RESTORATION OF THE GOOD SHEPHERD WINDOW

I was honored to have been chosen to restore the Good Shepherd window located in Saint James' Church, in Danbury, CT. This was a three month restoration and conservation project that required considerable cleaning, consolidation and some replacement of the painted glass. 

The artist who created this stained glass window is unknown, but the remarkable artistry and delicate detailing in Christ's face was truly amazing to uncover. The cleaning of this beautiful window took over two weeks of slow and careful removal of one hundred and forty years worth of dirt, paint, and varnish. Some of the varnish on this window actually acted to preserve the fragile paint on certain areas of the face and drapery.

Pictured below is Christ's face prior to cleaning and half way through the cleaning process. In the  photograph on the left it is possible to see some of the layers of cold paint and varnish that had been applied over the years. It is possible to also see some of that paint peeling away from the surface of the glass especially the areas of the eyes, nose, and forehead. In the photo on the right  half of the face has been cleaned to reveal the subtle beauty of not only of the head of Christ, but also that of the lamb propped on his shoulder. Also revealed is the considerable deterioration of the painted surface of the glass on the nimbus that surrounds Christ's head.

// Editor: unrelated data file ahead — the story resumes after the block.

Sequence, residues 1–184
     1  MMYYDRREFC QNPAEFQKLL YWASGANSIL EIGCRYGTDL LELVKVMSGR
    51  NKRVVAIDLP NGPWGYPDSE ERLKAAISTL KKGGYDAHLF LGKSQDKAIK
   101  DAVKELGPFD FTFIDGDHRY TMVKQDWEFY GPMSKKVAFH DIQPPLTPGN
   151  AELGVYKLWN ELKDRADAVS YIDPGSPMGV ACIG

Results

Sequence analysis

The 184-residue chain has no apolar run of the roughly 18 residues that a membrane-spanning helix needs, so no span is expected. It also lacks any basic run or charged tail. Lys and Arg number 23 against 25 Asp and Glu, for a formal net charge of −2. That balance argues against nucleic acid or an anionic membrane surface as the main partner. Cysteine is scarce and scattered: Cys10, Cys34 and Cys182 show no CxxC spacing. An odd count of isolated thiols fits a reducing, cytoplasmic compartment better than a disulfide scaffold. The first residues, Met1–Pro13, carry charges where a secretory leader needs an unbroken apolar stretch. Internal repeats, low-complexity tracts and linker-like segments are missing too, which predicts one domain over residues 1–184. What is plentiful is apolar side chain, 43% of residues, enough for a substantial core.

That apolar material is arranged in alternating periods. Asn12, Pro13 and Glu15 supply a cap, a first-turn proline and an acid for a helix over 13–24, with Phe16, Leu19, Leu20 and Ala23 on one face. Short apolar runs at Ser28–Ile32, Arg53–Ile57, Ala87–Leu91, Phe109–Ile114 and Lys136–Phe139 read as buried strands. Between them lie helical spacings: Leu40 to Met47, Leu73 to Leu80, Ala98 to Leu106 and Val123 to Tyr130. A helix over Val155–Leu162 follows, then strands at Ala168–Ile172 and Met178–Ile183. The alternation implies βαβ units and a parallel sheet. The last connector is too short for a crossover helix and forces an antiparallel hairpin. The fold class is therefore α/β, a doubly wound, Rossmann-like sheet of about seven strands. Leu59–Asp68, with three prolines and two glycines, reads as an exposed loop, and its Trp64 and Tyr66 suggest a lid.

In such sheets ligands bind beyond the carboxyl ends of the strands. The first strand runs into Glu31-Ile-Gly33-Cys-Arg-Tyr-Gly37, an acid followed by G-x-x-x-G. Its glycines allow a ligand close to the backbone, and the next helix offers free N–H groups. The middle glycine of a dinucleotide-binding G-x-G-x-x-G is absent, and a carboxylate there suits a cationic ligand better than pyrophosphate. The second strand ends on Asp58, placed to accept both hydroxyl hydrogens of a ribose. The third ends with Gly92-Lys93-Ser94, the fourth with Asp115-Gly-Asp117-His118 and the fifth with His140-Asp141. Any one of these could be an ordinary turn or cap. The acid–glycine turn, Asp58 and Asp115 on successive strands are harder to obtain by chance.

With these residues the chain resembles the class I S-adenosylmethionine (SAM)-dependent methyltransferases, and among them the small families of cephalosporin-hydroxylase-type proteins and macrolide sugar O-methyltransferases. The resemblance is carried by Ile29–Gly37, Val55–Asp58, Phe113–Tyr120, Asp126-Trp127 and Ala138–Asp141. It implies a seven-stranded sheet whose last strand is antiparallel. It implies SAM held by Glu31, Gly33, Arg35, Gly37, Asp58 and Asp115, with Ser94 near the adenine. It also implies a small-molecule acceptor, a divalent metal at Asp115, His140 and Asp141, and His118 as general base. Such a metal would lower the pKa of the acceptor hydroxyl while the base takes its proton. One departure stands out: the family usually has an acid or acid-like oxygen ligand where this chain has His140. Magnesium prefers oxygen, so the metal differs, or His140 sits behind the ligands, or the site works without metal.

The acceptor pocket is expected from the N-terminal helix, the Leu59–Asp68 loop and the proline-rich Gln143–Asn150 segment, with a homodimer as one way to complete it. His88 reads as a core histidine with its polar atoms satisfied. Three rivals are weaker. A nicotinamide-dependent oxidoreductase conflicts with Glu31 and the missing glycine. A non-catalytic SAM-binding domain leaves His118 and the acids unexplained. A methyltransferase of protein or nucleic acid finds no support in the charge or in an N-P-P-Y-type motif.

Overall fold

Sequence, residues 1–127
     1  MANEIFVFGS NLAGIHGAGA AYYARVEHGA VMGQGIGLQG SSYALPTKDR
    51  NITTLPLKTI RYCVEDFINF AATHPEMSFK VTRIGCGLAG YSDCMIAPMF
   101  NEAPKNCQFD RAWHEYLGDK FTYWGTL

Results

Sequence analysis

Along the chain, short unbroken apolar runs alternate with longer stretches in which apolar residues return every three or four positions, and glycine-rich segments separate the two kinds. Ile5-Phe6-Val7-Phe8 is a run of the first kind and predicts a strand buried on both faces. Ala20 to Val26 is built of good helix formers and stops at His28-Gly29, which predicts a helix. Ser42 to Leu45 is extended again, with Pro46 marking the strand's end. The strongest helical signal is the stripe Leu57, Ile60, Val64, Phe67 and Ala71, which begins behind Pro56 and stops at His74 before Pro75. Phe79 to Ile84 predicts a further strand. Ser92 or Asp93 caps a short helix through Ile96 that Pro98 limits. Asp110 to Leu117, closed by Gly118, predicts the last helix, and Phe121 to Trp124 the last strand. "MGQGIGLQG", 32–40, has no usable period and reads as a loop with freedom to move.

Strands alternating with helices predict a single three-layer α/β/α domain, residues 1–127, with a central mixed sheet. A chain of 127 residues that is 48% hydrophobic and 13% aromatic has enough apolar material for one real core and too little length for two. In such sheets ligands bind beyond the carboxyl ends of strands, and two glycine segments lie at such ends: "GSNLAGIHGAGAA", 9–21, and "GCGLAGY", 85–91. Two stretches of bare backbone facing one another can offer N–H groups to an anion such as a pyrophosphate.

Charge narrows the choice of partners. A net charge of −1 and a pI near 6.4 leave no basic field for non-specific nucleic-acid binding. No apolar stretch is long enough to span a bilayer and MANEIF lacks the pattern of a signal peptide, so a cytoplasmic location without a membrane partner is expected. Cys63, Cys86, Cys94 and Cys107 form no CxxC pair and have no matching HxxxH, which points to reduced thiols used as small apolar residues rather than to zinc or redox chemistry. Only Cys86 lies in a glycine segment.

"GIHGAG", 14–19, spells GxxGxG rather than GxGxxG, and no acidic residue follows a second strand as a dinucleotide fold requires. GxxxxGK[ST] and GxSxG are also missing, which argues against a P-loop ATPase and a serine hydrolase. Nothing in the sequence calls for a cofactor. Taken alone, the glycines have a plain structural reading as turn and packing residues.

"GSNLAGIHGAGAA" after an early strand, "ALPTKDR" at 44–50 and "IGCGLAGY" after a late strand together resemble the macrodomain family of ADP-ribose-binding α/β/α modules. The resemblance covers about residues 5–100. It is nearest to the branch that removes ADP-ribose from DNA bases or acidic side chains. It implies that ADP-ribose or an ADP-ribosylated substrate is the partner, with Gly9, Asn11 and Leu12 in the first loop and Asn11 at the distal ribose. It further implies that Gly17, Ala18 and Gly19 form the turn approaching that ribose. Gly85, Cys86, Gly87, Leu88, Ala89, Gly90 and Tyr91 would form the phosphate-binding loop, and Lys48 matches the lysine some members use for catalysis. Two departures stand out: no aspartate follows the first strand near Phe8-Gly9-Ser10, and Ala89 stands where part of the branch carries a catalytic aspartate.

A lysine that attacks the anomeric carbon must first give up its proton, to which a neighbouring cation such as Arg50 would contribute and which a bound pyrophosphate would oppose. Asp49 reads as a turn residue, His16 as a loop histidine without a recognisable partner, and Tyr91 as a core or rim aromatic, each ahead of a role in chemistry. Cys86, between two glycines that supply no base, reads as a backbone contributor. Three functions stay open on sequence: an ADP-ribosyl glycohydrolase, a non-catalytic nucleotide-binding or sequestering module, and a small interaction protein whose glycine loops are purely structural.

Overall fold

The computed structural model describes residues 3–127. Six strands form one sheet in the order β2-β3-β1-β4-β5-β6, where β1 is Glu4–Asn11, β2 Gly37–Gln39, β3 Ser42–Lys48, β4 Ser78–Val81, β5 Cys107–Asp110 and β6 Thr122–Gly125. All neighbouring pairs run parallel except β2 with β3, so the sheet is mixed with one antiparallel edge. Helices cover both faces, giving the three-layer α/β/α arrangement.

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The cleaning of the glass was accomplished by slowly dissolving the various layers of paint and varnish and carefully scrubbing the painted surface with cotton swabs. All of the glass in this window was treated this way prior to the window being re-leaded.

In addition to the cleaning of Christ's face, certain areas of the face such as the eyes and hair were painted over with light stable paints and the whole surface was coated with conservation epoxy. The epoxy is specially formulated for use with glass and will protect the painted surface of the glass from further deterioration. As a last step for the conservation of the face, a thin piece of  glass was painted, silver stained, and plated over the original piece. 

Also necessary was the repainting of Christ's hands. The glass paint was so deteriorated that the hands needed to be repainted to match the style of the original hands and the face. There was enough indication of trace lines and shading to make the duplication of these important features possible.

 

The Restored Face of TheGood Shepherd Window

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William Murray Studios,2004